Supplemental needs trusts (SNTs) are an important tool for individuals with disabilities and their families to protect their assets and receive government benefits such as Medicaid and Supplemental Security Income (SSI). Here are some of the pros and cons of setting up a supplemental needs trust.
Why Set Up a Supplemental Needs Trust?
One of the primary benefits of setting up an SNT is that it allows an individual with a disability to receive government benefits while still maintaining access to additional financial resources to cover expenses that are not covered by those benefits. SNTs can be used to cover a wide range of expenses such as medical care, education, transportation, and entertainment. In addition, SNTs can help protect assets from creditors, lawsuits, and other potential liabilities.
Who is Eligible to Set Up a Supplemental Needs Trust?
Anyone who has a disability and is under the age of 65 is eligible to set up an SNT. Additionally, parents or legal guardians of a minor child with a disability can establish an SNT on the child’s behalf. It is important to note that the eligibility requirements for government benefits may vary depending on the type of disability and the specific benefit program.
Who Manages the Trust?
The trustee of an SNT is responsible for managing the trust assets and making distributions according to the terms of the trust. The trustee may be a family member, friend, or a professional trustee such as a bank or trust company. It is important to choose a trustee who has experience managing SNTs and who can act in the best interests of the beneficiary.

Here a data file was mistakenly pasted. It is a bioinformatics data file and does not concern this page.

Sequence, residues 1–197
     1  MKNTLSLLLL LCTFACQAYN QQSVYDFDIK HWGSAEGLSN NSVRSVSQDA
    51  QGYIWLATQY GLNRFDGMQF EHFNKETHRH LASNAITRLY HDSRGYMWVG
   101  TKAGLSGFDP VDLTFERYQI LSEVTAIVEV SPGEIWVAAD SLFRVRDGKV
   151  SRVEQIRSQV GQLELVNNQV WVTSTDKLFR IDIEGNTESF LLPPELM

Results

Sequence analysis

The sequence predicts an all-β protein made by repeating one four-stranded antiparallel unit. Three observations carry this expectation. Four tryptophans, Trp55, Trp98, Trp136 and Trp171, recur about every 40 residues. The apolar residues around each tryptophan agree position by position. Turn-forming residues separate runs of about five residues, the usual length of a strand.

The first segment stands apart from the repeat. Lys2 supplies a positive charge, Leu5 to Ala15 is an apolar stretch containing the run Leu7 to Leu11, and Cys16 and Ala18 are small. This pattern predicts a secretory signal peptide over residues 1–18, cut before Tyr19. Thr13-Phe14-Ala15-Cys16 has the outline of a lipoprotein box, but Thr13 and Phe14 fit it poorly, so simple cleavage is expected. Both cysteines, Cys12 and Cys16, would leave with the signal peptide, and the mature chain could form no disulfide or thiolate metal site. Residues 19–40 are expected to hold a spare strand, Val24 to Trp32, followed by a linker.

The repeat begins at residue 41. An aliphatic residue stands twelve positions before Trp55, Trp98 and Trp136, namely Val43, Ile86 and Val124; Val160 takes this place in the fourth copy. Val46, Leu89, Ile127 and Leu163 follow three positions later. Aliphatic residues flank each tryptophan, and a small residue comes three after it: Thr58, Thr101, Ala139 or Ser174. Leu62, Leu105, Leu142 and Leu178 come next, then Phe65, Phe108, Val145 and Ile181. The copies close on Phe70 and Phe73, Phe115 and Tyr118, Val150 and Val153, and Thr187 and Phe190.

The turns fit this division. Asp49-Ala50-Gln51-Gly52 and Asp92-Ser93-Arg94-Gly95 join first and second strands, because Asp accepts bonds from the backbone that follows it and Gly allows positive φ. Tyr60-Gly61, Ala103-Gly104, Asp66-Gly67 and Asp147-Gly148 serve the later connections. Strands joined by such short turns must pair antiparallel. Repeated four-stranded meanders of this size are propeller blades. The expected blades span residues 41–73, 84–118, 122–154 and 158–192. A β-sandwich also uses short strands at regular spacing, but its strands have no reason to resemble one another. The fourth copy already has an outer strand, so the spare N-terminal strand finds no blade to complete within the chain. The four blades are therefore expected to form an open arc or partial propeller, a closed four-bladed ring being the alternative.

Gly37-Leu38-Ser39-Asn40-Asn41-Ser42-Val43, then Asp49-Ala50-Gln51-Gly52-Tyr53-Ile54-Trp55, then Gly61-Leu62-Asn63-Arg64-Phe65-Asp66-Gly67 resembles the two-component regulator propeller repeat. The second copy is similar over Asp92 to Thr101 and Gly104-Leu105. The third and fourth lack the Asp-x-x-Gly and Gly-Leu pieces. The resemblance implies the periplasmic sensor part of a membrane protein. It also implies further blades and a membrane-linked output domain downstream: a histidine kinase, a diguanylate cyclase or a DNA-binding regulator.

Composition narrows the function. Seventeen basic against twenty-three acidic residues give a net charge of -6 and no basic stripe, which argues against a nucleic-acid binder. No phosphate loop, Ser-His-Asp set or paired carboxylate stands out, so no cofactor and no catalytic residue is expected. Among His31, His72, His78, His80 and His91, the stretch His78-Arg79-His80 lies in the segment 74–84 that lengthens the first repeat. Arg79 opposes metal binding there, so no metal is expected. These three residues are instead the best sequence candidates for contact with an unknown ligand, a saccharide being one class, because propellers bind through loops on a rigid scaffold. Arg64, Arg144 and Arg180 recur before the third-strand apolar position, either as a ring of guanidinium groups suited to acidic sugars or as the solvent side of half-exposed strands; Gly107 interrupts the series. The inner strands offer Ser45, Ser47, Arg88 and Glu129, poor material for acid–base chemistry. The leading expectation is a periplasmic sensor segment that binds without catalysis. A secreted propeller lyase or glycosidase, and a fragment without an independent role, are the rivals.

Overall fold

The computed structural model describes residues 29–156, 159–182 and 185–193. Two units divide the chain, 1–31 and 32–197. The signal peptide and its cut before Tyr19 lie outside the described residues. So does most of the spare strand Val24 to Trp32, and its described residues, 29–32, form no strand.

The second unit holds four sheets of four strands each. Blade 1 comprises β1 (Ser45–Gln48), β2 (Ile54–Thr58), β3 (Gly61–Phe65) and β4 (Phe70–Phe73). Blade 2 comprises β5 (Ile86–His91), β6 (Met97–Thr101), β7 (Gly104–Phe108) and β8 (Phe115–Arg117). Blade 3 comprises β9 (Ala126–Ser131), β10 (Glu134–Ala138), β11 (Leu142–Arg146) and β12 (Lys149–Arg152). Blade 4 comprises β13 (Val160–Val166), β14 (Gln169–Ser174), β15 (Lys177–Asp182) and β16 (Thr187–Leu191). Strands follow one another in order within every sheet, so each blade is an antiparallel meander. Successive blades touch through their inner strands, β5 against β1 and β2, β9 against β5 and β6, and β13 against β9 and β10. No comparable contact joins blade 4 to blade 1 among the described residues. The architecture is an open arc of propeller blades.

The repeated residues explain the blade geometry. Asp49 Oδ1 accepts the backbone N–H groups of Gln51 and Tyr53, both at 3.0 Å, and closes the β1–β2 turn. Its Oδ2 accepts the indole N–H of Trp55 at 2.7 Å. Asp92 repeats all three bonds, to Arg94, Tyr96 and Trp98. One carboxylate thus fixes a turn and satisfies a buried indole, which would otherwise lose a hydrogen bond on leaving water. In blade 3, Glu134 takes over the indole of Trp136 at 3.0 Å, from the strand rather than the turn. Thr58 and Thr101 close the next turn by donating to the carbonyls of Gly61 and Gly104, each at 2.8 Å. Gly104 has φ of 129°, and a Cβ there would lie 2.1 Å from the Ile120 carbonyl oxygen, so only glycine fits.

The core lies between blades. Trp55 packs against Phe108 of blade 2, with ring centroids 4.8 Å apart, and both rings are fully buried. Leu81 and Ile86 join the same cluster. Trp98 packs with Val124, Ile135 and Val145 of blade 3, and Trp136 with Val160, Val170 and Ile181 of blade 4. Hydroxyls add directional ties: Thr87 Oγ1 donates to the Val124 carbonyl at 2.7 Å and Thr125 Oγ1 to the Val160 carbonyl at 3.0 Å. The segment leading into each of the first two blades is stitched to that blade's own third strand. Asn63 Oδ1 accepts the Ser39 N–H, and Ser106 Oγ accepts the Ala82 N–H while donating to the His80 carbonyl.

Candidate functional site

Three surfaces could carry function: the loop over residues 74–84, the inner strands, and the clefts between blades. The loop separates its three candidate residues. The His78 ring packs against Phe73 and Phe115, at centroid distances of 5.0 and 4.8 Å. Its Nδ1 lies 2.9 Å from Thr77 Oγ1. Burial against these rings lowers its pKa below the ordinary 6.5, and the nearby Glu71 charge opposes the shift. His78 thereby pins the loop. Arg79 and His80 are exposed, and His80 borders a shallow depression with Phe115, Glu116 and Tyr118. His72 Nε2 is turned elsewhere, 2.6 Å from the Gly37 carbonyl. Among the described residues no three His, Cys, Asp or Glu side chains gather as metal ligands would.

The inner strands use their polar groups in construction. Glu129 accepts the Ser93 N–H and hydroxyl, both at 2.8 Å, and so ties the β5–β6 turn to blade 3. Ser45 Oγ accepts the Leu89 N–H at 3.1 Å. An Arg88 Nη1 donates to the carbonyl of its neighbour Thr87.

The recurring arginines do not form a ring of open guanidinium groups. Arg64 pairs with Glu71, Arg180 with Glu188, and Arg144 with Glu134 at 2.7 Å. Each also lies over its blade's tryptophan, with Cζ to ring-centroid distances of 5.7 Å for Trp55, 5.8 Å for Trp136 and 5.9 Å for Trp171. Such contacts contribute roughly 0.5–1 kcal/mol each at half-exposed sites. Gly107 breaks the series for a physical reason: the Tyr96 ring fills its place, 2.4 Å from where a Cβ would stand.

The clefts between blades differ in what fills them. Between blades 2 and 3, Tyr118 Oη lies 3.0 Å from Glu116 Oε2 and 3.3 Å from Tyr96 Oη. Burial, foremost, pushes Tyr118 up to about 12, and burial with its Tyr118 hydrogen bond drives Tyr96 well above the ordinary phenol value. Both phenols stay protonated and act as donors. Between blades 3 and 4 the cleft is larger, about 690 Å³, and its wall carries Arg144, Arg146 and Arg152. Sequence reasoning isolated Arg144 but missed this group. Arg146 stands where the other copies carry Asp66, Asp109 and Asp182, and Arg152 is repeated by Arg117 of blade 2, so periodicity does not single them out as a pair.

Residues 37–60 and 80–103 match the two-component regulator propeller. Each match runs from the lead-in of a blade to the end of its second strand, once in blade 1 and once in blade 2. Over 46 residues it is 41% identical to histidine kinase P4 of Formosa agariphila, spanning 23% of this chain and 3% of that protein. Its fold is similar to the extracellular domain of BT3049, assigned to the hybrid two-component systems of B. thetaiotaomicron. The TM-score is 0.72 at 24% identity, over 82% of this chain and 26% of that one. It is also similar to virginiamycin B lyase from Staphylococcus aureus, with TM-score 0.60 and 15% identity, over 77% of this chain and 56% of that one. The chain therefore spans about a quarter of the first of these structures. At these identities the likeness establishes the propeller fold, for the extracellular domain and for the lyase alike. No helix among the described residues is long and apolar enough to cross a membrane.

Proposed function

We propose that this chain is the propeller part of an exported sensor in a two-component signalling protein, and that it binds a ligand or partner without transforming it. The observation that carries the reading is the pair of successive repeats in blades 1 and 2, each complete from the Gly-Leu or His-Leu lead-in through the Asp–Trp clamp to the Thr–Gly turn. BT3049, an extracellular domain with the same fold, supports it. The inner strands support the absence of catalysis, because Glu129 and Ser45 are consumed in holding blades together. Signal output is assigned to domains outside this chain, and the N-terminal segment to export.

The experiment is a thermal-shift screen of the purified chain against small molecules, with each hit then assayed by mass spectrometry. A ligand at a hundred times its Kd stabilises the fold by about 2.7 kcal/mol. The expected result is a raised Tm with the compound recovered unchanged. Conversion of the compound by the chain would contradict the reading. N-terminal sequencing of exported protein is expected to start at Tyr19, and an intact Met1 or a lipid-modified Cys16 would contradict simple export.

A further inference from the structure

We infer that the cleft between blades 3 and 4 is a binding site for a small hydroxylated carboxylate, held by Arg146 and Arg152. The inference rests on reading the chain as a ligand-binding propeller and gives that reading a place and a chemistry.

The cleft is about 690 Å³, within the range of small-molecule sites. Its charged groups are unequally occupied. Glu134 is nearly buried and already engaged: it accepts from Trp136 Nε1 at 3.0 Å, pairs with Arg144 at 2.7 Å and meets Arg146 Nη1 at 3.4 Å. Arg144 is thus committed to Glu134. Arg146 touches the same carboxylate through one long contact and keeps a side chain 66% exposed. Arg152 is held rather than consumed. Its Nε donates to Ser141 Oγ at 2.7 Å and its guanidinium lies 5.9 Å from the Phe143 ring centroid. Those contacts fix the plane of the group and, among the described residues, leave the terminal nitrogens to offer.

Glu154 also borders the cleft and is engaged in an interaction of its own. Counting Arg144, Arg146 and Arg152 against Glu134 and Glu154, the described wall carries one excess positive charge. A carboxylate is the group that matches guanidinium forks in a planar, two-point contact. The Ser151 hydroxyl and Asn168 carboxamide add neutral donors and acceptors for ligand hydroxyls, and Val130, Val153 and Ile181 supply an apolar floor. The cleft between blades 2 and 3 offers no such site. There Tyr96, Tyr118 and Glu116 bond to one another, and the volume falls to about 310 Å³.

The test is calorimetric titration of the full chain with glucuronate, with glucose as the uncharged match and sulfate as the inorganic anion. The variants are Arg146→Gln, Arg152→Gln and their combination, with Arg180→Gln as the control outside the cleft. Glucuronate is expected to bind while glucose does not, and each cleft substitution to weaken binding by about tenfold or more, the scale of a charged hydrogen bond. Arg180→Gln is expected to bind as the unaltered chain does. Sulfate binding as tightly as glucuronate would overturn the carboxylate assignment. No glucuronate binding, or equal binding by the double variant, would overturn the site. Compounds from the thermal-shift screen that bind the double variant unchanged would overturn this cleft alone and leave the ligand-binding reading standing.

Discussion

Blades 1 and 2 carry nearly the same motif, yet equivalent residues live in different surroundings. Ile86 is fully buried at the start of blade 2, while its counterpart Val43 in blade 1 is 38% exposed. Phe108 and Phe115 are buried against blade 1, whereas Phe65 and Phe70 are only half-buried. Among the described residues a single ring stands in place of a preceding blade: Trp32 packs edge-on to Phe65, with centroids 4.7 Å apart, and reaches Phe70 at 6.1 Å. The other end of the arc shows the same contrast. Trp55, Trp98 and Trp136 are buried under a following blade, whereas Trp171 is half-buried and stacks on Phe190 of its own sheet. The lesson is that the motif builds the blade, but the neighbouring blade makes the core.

Differences for Single or Married Persons
There are some important differences in how SNTs are established and managed for single individuals versus married couples. For example, a single individual with a disability can establish an SNT using their own assets, while a married couple may need to use a portion of their joint assets to fund the trust. In addition, the terms of the SNT may be different for a single individual versus a married couple.
Tax Implications and Other Important Items
It is important to consider the tax implications of setting up an SNT. Income earned by the trust may be subject to income tax, and the trust may be required to file annual tax returns. In addition, the terms of the SNT must comply with all applicable state and federal laws.
All-in-all, supplemental needs trusts are an important tool for individuals with disabilities and their families to protect their assets and receive government benefits. It is important to consider the pros and cons of setting up an SNT and to work with a Fee-Only financial advisor, CPA, or attorney to ensure that the trust is established and managed properly. With the right planning and management, an SNT can help provide financial security and peace of mind for individuals with disabilities and their loved ones.
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